The singer/songwriter Martin Sexton (who I've been on tour with for the past seven weeks) often says “I get paid to travel but I sing for free”. I always like hearing this quote because it gives me both a sense of gratitude and an acknowledgement of where our labor hours are logged. If I were to guess, I'd say around 80% of our job as touring musicians is spent in cars/planes and on roads, highways & bridges that all eventually lead to a parking lot and a backstage door. Some travel days are better than others and I’ve decided to report on a couple of bad travel days for me to illuminate the non-glamorous side of touring. It may be counter-productive for me to reveal so much behind the scenes stuff, but writing about my bad experiences is often a way for me to let go of them.
As I was readying to play with Martin at what had been one of my only least favorite venues on a Colin Hay tour a few years ago, I decided I would check into my hotel before soundcheck. The hotel was a nice one, situated on a boardwalk across from the Pacific Ocean. I was excited to find out my room had a little balcony that overlooked the pier and I was only a mile away from the club. As 4pm approached, I pulled out of the hotel parking lot and drove about half a mile when suddenly, from nowhere, a green Jaguar pulled out into the middle of the intersection I was crossing and our cars collided violently. Airbags were deployed, front ends destroyed and steam and fluid were leaking all over the street like two shattered vending machines. Curious onlookers rushed over to see if we were hurt. The woman driving the other car looked to be in her mid-70s to mid 80s and appeared to be ok. As I got out of my car to check on her, the first thing I noticed was that she had a kind hearted energy to her and seemed to have the same attitude that I did; no anger, just, “well this sucks” and “accidents happen”. In fact, we hit it off so well that I don’t want to get into the details of who was at fault or why, because I think she might eventually read this.
Thoughts began racing through my head like “how do I get to the club in time for sound check?" and "how do I continue the tour without a vehicle?” My car was not drivable and neither was the other driver’s. Police cars arrived, with tow trucks playing follow the leader. The woman's equally sweet husband came to help her and they reminded me a little bit of my parents. Suddenly, my heart was aching for them. I was sure this was the last thing they wanted to be dealing with at this point in their lifetimes. In an ironic twist, we were having a great chat, and though I would have preferred a happier introduction, I pictured us being friends. They told me about their granddaughter who’s attending college in Boston. They asked me why I had so many guitars. I explained that I was a traveling musician, and although I would love to chat more, I had to get to a gig. So I emptied the contents of the car, called a Lyft driver (who arrived quickly) but then had to wait until the tow-truck driver figured out where to bring my wrecked car (it was a Sunday and every rental car place was closed, with gated driveways). Finally, a plan was made and I loaded my gear into the Lyft car, relieved that the club was only a few blocks away.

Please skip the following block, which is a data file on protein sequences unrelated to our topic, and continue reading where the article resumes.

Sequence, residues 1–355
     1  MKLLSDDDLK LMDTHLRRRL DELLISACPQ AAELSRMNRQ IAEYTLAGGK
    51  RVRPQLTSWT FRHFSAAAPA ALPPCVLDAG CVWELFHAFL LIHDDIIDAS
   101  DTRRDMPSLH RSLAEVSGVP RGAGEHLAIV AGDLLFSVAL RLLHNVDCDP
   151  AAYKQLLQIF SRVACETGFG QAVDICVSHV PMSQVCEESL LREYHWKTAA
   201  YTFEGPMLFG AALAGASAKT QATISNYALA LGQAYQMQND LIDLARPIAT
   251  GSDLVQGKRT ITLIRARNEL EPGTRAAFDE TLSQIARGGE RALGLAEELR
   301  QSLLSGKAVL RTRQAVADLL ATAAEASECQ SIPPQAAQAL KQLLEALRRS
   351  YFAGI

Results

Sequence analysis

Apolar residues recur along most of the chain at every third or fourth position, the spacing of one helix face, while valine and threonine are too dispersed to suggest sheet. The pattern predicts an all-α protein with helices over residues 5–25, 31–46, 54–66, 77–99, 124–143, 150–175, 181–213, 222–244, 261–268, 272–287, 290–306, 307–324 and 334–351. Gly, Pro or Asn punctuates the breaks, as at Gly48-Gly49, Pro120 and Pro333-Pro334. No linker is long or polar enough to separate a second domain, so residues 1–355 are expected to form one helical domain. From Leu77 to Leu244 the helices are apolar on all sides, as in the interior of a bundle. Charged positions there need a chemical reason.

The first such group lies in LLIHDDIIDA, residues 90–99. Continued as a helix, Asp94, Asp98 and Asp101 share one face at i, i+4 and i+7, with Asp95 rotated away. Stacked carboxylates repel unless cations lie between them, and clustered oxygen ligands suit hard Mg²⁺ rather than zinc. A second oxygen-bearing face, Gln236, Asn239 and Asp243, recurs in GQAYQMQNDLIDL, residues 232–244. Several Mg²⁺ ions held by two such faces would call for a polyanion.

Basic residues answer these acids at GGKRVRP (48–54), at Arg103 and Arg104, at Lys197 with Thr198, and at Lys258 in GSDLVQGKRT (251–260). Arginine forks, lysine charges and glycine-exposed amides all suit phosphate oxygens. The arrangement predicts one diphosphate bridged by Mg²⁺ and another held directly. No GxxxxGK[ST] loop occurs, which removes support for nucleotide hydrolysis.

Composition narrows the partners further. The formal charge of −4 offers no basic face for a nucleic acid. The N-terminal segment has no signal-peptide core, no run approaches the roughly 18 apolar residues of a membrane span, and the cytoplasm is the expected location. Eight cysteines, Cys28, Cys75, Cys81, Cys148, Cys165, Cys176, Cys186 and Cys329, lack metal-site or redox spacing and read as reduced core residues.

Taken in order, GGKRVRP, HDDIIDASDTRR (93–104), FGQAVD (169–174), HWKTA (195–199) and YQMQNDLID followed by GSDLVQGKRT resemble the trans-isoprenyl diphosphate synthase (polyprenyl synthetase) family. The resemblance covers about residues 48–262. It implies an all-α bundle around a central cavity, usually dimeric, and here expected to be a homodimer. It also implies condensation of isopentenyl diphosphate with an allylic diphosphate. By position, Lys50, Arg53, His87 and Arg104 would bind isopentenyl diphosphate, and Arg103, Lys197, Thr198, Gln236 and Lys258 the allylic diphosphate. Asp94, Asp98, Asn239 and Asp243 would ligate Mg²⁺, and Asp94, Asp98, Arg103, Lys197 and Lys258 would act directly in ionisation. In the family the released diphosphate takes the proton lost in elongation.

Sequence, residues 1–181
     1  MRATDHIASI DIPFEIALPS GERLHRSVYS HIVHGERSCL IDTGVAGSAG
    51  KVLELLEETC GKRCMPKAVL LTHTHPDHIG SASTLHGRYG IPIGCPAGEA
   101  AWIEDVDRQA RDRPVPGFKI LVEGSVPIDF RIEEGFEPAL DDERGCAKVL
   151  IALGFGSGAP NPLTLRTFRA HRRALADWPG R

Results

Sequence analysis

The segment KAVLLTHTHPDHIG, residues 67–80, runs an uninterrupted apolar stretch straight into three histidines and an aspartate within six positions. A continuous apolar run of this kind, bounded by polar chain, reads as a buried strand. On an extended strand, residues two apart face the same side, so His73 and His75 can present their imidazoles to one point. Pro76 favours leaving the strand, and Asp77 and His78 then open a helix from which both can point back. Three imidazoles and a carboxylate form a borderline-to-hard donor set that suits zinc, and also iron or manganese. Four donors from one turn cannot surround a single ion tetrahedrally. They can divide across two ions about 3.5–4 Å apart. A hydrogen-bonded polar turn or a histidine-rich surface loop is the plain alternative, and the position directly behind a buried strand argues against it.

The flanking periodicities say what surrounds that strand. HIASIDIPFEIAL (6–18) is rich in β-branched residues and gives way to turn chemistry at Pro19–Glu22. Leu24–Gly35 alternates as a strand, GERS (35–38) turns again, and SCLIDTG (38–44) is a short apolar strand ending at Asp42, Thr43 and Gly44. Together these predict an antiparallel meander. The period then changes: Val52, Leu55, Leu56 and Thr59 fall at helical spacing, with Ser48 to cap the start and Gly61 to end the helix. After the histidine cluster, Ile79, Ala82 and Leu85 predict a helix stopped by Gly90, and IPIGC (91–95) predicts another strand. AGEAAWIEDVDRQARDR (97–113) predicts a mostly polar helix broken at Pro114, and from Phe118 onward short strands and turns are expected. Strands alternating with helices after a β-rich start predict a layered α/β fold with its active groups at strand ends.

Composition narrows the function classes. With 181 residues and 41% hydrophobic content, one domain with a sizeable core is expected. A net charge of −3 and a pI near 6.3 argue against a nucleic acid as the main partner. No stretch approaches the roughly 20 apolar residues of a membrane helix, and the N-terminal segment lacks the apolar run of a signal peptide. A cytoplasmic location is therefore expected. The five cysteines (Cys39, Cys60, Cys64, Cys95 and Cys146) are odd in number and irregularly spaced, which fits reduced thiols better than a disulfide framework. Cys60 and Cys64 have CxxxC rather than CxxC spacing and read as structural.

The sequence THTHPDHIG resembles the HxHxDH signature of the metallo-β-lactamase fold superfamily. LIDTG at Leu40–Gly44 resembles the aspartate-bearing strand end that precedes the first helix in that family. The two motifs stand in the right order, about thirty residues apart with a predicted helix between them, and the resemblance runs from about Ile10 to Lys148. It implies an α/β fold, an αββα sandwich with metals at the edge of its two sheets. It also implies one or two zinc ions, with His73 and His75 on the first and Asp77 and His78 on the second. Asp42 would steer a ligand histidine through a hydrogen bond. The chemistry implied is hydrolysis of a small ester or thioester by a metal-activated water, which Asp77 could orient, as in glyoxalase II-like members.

The gig ended up being pretty good, especially considering the chaotic headspace I was in. My friends Ryan and Alana drove me back to the hotel.
The next morning, I booked myself a new rental car and decided to spend my day off in Las Vegas (which was halfway to the next show). My travel agent managed to score a very good deal on a luxury suite at a five star resort, so I decided I would go there and chill, get some work done and decompress from the previous day’s mess.
I got to Vegas around 8:30pm and decided to indulge a spontaneous craving I had for Bibimbap (my favorite Korean dish). I found a well reviewed Korean restaurant and went to check it out. The restaurant was in a small plaza in a section of town with several nondescript small plazas. I went in the restaurant for around 30 minutes, then walked back to my car (parked about 15 yards from the entrance) only to find my driver’s side window open. I thought to myself, “Wow, that was absent minded of me, maybe I pushed a button by accident. Next, I looked down at the front seat and saw shattered glass everywhere. My immediate thought was that I had left my two bags/man purses (or “murses”) tucked back and hidden on the passenger side floor. They were both gone. Luckily, the one bag was where I keep my show clothes and it was a day off, so it only had one bowtie in it. As for the other bag, I was not so lucky. It had my tour money from two weeks of shows, my passport, iPad, phone charger, set lists, show notes and various other valuables that my anxiety was recounting at a frantic pace. I felt a strange and awful chill run down my spine with the realization that I’d been violated and was (simultaneously) screwed. I felt a sense of disbelief. I searched my moral compass to see if I had done something to deserve such bad karma. Nothing sprang to mind. It was a 36 hour onslaught of really fucking bad luck. I settled on the thought that it just wasn’t my day(s).